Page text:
Sand Dunes and Soul Food

I sit propped against a sand dune on the beach, the sand moulded to my body, cradling me.  It’s night time and a small fire flickers at my feet, keeping me warm and lighting the small area around me.  I can hear the popping noise of the wood as it burns, hear the sea lapping gently at the shore and smell the salty, bonfire air.  Usually I’m the only one, but occasionally a person will emerge from the shadows and we’ll talk.

This is my safe place.  The internal world I went to when I needed to escape.

I’d forgotten about it until I read a friends blog fernenland: When I am feeling bruised So why don’t I go there any more?  Is my life so much better that I don’t need to hide inside myself?

Then I realised the difference is my writing.  When I have a problem, a worry, something niggling away at the back of my mind, I write about it.  Sometimes it’s obvious (see White Van Man),  sometimes it gets worked into a story, my characters working through the issue, saying what I’d like to say and what I’d like to hear.  Plus I put my muse through far worse things then I ever have to deal with in real life.

When Fernenland goes out with her camera, she finds herself in a different space, seeing things she wouldn’t normally have noticed and that’s how I feel about my writing.  When walking down the road, I’m looking at everyday things and searching for the beauty in them.  Or catching snippets of conversation and letting my imagination fill in the missing parts.  A man walking down the road…he’s actually just  murdered his wife and is now off to plant the evidence in her lovers house.  Or that strange looking knot on the tree trunk is really the door to a fairies house, you might just catch her peeping out from the corner of your eye.  It does lift your spirits and energise you.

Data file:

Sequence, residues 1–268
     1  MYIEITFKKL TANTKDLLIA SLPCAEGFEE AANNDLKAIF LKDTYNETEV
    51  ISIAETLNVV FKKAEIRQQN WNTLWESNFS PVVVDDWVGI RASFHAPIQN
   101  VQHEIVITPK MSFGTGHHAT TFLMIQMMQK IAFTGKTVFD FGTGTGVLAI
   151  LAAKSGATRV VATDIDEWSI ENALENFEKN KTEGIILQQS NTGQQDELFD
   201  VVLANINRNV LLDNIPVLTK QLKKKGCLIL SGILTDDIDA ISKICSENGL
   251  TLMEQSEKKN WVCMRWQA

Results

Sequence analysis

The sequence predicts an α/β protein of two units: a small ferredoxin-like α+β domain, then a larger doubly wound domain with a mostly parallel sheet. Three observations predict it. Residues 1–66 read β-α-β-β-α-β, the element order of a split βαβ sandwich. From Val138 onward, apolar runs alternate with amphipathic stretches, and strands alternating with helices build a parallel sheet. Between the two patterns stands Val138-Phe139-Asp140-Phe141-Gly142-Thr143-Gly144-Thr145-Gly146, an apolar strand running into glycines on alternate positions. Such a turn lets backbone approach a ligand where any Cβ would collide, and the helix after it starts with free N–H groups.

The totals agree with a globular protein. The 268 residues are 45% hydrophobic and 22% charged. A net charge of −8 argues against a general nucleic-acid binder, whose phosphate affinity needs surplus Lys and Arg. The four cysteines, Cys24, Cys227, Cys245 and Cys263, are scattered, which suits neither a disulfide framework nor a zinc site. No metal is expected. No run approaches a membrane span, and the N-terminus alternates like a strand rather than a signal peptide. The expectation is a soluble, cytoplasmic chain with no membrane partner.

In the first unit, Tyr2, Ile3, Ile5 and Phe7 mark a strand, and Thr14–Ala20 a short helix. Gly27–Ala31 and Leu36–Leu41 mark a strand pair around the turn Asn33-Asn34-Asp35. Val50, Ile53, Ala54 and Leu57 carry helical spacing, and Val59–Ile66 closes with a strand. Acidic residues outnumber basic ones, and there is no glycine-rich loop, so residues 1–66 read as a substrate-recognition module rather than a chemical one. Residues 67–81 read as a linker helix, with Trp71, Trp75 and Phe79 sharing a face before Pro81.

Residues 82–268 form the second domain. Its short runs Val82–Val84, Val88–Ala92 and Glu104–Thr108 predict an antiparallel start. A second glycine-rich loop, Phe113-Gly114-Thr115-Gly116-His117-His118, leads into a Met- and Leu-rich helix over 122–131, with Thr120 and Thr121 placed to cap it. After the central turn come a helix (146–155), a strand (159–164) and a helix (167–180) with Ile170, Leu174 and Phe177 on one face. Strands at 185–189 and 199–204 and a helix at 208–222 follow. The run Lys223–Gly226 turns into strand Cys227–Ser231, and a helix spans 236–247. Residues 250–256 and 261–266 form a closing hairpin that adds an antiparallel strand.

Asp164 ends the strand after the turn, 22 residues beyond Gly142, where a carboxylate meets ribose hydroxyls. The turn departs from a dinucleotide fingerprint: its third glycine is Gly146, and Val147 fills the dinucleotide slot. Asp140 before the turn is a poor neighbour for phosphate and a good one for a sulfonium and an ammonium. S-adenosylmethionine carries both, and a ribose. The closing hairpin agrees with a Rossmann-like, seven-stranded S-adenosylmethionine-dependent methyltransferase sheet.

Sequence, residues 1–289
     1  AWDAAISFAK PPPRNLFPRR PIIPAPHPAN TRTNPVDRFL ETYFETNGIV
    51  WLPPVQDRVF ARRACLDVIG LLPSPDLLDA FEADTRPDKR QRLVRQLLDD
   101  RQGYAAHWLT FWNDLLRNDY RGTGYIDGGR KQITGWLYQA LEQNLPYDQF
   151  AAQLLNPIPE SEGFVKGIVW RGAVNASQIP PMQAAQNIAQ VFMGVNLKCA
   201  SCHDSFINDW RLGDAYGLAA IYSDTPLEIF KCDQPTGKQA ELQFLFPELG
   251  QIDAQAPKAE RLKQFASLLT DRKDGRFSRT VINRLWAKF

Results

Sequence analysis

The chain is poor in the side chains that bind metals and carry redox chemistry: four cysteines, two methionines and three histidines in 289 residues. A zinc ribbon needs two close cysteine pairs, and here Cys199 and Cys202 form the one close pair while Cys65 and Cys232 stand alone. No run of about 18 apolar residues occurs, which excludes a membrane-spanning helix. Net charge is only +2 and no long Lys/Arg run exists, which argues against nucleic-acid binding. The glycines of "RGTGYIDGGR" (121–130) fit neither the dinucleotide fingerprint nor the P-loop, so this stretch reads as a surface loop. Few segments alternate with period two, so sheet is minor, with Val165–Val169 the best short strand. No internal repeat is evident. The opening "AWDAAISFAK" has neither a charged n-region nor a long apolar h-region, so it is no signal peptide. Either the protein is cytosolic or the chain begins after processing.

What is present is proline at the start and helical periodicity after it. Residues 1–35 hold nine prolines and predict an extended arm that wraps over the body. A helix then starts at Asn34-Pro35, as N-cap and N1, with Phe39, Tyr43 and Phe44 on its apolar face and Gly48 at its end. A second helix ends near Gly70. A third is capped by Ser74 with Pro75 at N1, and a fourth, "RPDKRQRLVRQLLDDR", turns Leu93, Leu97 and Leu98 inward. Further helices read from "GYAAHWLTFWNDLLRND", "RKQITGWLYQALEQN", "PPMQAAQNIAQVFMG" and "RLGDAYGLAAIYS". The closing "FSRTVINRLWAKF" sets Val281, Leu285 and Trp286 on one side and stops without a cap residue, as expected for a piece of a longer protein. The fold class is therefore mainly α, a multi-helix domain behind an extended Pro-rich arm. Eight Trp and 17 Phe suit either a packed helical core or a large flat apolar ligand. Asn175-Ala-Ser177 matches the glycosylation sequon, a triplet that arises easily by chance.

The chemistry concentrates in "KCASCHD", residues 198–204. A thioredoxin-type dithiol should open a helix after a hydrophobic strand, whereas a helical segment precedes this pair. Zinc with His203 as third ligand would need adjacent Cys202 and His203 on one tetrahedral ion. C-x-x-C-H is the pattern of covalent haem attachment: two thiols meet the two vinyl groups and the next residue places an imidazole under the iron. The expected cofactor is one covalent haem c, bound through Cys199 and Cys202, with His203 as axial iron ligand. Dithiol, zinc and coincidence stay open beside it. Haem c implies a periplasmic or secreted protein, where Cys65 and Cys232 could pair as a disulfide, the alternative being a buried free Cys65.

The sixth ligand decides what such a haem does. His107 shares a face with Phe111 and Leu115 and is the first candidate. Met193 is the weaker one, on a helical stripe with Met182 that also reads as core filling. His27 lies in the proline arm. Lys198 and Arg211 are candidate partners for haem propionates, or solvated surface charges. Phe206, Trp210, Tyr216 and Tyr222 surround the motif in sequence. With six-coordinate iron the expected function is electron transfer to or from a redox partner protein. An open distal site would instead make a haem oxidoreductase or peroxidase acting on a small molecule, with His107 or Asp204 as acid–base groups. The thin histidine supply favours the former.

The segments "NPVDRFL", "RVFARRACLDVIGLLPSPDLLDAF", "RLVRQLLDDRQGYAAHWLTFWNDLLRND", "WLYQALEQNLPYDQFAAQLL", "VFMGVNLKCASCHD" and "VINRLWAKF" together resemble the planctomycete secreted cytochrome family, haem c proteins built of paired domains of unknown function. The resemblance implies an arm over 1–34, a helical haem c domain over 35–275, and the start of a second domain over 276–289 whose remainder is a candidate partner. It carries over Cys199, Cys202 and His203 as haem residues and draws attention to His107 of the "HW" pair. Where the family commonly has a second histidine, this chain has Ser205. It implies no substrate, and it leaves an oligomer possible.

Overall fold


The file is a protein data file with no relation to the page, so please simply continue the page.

People find this space through different mediums such as meditation, exercise, photography, art, music, words. So go out and explore, feed your soul.

(Thank you Fernenland for letting me link to your blog and inspiring me again.)

Or Are You Just Pleased To See Me…

Many years ago, I used to work in a wine shop.  Late one night, a regular customer came in to tell us that he’d just seen a man nick one of our blackboards.  These were big, heavy boards that we propped up outside the shop, advertising the latest deals. 

Now I’ve seen all kinds of things shoplifted in my time, by the hopeless off-their-face druggies taking a can of strong beer to the highly professional gangs taking champagne and the expensive wine, but no-one had every stolen a blackboard before.  I mean they are big, bulky and of no practical use (even as advertising they were highly suspect).  As the only girl in the team, it was my job to chase after the shoplifters.  OK, it wasn’t my job, but the six foot plus boys I worked with were big scaredy cats, so I walked out of the shop to have a look.  Sure enough, just heading round the corner, were two men, slightly weaving, one of which had a board tucked under his arm.

Wanting to catch them before they got too far, I jogged down the road to catch up, shouting “Please may I have my board back?” as I rounded the corner.  The two guys swung round and to my horror I realised that one of them was Cider Man.